This is of special importance for occupational health physicians (= OHP), since they have a central, often conflicting or even ambiguous role [29] in companies: they deal with employees as patients and are familiar with company structures and interests. Therefore, their role in respect to their employees varies between a sometimes therapeutic relationship (as in other medical professions) with a strong focus on prevention and medical care and in other situations a more detached relationship (for example when doing assessments).

Because of the developments mentioned above OHPs are faced with issues such as a growing number of employees with psychological distress or even mental disorders seeking help [30] and a changing societal attitude towards mental health issues. Concepts as the research on safety climates [31, 32] and more specific psychosocial safety climate [33, 34] highlight this grown importance of employee safety, well-being and their significance for mental health [35] and are therefore a support for OHPs, but also a challenge.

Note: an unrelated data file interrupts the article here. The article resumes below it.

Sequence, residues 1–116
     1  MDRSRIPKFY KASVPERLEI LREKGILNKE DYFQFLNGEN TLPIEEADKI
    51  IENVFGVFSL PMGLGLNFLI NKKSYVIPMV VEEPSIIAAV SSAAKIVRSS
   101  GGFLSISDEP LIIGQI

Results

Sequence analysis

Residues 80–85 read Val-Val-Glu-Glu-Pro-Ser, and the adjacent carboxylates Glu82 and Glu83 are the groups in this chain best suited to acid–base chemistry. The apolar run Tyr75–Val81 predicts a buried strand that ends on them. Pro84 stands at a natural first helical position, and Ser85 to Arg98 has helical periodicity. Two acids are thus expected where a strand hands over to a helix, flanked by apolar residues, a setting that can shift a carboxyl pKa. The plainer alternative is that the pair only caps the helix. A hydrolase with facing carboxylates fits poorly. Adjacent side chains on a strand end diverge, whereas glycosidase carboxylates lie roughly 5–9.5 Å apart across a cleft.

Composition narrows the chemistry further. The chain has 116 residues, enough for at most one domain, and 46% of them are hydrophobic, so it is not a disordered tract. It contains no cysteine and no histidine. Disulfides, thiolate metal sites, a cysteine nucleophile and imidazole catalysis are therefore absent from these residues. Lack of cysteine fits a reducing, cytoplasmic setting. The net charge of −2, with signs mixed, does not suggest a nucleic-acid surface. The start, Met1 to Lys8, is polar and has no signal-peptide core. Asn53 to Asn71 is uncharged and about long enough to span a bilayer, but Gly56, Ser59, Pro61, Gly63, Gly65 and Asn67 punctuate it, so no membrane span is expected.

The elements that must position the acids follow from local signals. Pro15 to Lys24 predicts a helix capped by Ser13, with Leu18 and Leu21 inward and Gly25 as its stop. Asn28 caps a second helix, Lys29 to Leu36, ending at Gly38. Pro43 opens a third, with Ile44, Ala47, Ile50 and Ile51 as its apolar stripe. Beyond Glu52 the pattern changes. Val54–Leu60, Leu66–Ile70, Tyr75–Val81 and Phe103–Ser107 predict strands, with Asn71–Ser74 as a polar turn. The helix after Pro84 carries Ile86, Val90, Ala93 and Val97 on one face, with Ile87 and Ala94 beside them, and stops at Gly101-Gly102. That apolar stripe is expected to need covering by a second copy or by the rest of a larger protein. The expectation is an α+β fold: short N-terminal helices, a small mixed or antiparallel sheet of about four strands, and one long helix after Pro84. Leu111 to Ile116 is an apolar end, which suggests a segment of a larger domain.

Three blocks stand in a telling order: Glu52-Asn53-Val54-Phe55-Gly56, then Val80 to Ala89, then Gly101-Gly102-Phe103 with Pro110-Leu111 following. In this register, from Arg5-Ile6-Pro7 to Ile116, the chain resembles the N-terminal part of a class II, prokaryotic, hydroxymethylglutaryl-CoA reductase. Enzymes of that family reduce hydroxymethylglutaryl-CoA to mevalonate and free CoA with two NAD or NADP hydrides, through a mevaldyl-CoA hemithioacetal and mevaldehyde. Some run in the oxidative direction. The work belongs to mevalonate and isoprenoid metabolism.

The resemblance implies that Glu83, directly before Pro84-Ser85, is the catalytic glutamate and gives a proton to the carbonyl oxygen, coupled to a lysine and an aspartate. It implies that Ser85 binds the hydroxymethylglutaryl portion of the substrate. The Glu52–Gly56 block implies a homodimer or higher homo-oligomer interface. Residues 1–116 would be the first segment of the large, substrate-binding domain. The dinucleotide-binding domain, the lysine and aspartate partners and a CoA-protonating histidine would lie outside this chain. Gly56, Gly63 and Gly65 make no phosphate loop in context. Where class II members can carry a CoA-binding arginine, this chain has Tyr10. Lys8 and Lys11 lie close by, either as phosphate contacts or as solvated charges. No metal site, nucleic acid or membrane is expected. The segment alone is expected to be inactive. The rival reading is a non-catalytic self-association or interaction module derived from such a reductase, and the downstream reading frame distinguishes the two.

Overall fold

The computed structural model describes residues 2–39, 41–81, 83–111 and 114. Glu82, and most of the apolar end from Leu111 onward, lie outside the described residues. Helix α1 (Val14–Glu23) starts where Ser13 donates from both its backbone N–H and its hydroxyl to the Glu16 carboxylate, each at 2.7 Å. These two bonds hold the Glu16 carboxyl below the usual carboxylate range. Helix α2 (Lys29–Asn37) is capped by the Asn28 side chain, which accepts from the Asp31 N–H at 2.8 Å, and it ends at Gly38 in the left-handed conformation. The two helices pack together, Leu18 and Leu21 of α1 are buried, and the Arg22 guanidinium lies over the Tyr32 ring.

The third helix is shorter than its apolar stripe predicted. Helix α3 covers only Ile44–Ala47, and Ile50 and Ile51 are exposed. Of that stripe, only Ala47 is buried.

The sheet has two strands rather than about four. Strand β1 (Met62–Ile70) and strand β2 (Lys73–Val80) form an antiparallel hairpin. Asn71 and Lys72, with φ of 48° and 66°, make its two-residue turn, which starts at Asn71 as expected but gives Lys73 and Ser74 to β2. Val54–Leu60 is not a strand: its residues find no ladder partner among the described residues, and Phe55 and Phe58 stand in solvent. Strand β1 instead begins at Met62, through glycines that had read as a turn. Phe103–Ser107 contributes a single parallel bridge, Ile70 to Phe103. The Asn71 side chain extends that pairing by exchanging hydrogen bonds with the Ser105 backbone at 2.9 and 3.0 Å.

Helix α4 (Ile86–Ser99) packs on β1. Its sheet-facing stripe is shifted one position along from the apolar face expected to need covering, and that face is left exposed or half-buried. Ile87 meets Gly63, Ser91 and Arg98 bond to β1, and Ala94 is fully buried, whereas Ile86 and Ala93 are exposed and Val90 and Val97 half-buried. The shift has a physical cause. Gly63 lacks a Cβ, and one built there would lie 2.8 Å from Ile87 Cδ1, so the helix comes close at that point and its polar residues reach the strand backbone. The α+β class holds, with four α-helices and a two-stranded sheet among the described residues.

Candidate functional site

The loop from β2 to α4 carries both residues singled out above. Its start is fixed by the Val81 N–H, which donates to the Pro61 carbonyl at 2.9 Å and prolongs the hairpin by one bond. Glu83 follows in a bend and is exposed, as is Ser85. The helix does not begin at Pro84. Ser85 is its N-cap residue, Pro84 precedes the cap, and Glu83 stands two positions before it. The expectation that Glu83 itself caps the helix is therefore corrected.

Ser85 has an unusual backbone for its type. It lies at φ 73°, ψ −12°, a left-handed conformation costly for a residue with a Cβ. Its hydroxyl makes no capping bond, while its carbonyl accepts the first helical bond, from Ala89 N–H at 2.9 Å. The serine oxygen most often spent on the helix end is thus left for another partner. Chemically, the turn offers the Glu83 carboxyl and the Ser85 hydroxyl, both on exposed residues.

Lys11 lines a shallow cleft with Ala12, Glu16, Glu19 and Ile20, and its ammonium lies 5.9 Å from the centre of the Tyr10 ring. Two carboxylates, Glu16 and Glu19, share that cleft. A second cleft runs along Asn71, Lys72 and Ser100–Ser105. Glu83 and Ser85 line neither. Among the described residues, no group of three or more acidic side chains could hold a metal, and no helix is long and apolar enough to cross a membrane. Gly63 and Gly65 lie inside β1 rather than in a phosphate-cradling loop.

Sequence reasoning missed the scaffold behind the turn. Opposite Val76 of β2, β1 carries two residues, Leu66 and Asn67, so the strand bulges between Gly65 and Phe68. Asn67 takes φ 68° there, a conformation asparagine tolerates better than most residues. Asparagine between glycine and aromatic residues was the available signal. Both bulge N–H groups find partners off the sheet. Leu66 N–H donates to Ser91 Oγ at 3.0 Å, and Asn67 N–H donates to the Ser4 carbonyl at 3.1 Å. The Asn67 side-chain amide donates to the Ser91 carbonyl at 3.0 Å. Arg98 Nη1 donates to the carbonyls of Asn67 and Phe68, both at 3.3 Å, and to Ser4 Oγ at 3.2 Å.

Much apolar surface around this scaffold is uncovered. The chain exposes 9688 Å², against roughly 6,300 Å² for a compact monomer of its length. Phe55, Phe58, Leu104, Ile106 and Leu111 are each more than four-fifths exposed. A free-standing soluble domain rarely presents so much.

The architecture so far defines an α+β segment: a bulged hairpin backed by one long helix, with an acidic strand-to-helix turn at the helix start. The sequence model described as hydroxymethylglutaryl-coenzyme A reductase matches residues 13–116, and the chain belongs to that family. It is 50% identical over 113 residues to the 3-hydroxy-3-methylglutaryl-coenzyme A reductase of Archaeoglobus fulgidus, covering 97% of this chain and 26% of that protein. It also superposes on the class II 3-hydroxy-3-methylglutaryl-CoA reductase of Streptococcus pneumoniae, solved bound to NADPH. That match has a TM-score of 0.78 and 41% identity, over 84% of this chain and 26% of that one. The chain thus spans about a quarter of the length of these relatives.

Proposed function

Many OHPs feel not sufficiently prepared for dealing with these challenges [36] and are furthermore insecure, when cooperating or communicating with other providers of the health system [37,38,39]. Often, they struggle how to handle the conflicting ethical demands of their position [40]. In countries such as the Netherlands, these insecurities have led to the implementation of structured guidelines to assist OHPs in dealing with mentally ill employees [41, 42]. In Germany however, no such guidelines exist. Therefore, an insecurity often remains how to tackle mental illnesses at the workplace. New concepts such as the psychosomatic consultation at the workplace [43, 44] offer employees the possibility to see a specialized psychotherapist directly in their workplace are not yet widely implemented. Other interventions such as modified Balint-Groups (= groups of clinicians, discussing about interactions with difficult clients under supervision) adapted to workplace related topics [45] also provide support in the form of group sessions for employees and managers, but are also only available for few persons. Thus, an increasing number of OHPs decides to undergo a voluntary, comprehensive theoretical and clinical training course in basic mental health care (German: “Psychosomatische Grundversorgung für Arbeits- und Betriebsmediziner”).